Washington —, who has been and more than four dozen countries as Venezuela's legitimate leader, said they took control of three diplomatic offices in Washington and New York that were formerly operated by the government of President Nicolás Maduro.
Touring an abandoned diplomatic facility operated by Venezuela's military attaché, Carlos Vecchio, Guaidó's ambassador to the U.S, said the opposition had gained control of two defense ministry facilities in Washington and one consular building in New York with the backing of U.S. authorities. He added that he expects officials loyal to Guaidó to gain control of the Venezuelan embassy in Washington's Georgetown neighborhood "in the days to come."
"They destroyed everything. That's what they have done here. They have destroyed this house. This is an asset that belonged to the Venezuelans," Vecchio told reporters Monday after replacing a portrait of Maduro on the building's wall with one of Guaidó. "If they do this in U.S., you can imagine what they are doing in Venezuela."
Vecchio was accompanied by Colonel José Luis Silva Silva, Venezuela's military attaché in Washington and one of the few high-ranking Venezuelan armed forces officials to defect and back the opposition.
The move by Guaidó's representatives will likely escalate tensions between Maduro's government and the Trump administration, which along with recognizing Guaidó, has imposedagainst the South American regime and for the Venezuelan people. With a collapsing economy, many Venezuelans are grappling with food and medicine shortages.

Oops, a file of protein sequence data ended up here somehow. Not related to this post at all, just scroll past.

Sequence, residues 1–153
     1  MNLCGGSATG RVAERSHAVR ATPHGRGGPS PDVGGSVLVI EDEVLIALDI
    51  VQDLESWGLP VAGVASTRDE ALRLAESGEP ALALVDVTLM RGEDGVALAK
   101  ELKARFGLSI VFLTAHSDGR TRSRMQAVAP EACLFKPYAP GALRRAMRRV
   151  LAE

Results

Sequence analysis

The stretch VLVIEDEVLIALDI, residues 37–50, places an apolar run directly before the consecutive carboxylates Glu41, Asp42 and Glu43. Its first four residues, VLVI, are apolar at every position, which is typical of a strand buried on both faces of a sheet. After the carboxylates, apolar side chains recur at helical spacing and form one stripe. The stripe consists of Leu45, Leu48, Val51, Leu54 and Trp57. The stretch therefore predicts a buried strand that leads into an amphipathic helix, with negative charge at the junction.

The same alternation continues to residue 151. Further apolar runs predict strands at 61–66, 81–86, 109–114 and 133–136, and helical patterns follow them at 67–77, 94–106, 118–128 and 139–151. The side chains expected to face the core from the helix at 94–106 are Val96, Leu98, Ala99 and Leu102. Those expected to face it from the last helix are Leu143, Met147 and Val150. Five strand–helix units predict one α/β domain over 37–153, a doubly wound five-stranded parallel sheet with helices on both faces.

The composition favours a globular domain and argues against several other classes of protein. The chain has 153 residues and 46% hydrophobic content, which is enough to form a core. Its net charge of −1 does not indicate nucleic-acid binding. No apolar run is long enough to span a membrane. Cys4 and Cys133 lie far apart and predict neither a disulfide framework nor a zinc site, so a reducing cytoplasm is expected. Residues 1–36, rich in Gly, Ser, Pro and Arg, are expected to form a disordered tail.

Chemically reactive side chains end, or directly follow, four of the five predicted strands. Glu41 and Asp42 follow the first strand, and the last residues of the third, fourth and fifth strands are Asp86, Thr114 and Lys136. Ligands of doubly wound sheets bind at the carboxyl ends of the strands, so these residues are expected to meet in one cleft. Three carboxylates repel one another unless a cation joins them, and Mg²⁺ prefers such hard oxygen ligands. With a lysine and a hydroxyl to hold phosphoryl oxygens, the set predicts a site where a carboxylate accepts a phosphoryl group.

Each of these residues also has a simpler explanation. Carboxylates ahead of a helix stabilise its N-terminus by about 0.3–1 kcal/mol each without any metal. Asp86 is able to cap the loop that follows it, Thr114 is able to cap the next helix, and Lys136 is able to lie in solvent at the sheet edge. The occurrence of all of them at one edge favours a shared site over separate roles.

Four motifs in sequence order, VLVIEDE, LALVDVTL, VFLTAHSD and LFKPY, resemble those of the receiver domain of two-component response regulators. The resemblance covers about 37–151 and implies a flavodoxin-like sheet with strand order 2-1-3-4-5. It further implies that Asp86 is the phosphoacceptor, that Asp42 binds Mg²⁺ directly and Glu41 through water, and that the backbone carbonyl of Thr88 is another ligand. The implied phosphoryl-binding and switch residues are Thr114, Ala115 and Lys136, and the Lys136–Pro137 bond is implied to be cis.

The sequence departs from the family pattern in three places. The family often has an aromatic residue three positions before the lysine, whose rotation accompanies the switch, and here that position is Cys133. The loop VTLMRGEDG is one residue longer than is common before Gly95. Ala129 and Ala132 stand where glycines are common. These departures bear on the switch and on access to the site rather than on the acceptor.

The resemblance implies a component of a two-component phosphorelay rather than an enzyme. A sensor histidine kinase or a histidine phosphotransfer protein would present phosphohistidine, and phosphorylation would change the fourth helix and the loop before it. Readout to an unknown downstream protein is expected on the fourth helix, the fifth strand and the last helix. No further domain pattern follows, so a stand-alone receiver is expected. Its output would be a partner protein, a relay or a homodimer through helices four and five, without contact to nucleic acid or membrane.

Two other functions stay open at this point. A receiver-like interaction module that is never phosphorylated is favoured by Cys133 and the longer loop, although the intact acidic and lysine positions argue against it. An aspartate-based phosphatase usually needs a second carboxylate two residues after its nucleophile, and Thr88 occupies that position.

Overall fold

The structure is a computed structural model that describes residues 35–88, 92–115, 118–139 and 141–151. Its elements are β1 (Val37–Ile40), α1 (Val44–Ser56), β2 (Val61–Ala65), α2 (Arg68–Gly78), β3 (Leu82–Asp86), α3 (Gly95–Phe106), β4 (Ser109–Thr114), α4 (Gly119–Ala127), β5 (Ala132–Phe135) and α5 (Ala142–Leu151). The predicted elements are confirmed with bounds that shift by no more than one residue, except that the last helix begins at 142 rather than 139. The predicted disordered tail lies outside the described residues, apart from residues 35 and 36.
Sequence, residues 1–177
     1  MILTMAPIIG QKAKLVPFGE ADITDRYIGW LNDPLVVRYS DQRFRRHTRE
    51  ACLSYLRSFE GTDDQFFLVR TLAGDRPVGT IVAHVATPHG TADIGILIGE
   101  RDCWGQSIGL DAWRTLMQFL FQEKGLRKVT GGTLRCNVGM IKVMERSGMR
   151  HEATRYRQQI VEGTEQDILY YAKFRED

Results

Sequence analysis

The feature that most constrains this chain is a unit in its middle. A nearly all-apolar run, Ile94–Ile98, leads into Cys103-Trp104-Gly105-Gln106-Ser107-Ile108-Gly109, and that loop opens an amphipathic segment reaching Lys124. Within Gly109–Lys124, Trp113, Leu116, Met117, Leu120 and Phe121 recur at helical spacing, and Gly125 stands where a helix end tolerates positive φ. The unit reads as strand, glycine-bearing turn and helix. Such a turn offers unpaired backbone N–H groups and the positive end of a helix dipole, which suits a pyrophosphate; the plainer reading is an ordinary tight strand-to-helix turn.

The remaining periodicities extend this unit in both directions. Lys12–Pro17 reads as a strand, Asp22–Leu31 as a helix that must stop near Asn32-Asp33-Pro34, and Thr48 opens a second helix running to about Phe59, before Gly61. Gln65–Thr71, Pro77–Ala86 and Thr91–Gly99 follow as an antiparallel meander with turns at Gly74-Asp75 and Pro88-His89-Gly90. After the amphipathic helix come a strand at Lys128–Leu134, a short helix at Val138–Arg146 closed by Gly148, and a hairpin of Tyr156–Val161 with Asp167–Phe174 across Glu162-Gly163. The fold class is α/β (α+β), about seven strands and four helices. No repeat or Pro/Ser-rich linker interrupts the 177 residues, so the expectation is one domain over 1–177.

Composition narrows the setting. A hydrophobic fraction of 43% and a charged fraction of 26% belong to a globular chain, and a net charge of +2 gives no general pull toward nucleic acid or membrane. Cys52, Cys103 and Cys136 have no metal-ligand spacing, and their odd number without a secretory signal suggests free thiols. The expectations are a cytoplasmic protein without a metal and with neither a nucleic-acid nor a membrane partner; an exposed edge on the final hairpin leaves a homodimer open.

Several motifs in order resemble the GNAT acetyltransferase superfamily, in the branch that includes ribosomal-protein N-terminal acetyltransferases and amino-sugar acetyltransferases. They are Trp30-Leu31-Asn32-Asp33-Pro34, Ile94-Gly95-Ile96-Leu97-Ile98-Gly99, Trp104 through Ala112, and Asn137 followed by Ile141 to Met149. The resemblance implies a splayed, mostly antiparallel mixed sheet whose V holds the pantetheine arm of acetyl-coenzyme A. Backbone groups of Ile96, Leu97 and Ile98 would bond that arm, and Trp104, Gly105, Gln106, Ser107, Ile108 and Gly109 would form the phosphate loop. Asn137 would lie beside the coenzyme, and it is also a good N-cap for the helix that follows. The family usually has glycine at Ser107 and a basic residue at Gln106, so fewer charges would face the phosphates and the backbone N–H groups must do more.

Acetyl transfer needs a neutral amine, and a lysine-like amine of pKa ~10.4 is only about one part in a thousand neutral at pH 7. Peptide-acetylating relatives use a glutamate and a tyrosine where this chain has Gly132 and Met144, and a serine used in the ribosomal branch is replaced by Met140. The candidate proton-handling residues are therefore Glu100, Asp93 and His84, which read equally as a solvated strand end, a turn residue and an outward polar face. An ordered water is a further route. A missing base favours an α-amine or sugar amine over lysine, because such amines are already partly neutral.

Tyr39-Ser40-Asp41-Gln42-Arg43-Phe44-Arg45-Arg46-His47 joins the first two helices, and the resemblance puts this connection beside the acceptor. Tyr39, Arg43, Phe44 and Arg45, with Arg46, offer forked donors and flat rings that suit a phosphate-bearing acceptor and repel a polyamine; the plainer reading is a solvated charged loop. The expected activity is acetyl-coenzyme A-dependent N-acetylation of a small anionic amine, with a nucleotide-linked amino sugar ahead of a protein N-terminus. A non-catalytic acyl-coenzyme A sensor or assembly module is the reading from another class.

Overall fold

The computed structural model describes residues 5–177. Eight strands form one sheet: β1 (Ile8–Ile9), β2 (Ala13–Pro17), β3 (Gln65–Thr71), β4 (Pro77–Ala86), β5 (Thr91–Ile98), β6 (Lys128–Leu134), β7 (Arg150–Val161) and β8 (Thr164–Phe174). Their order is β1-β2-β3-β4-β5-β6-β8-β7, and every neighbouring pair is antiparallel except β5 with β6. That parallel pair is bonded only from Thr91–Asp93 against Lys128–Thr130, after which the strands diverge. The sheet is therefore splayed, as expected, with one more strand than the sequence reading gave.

When President Trump announced his support for the opposition in January, Maduro severed ties with the U.S. and ordered all diplomatic staff in America to come back to Venezuela. After withdrawing, the U.S. ordered all remaining diplomatic personnel to leave the South American country last week.
Jorge Arreaza, Venezuela's foreign minister, denounced the "forceful and illegal seizure" by Guaidó's representatives, saying it was a violation of the guidelines established by the Vienna Convention on Diplomatic Relations. Arreaza urged the U.S. government to prevent the opposition from taking control of diplomatic facilities and in a thinly-veiled threat of a similar takeover of the U.S. embassy in Caracas, he said Maduro's government could take "reciprocal" actions in Venezuelan territory.
Through anti-government demonstrations, efforts to bring humanitarian aid into Venezuela and the backing of the U.S. and other countries, Guaidó hopes to force Maduro to relinquish power. But for now, top military leaders in Venezuela have vowed to stand behind the socialist government — which still enjoys some support, particularly among working-class Venezuelans.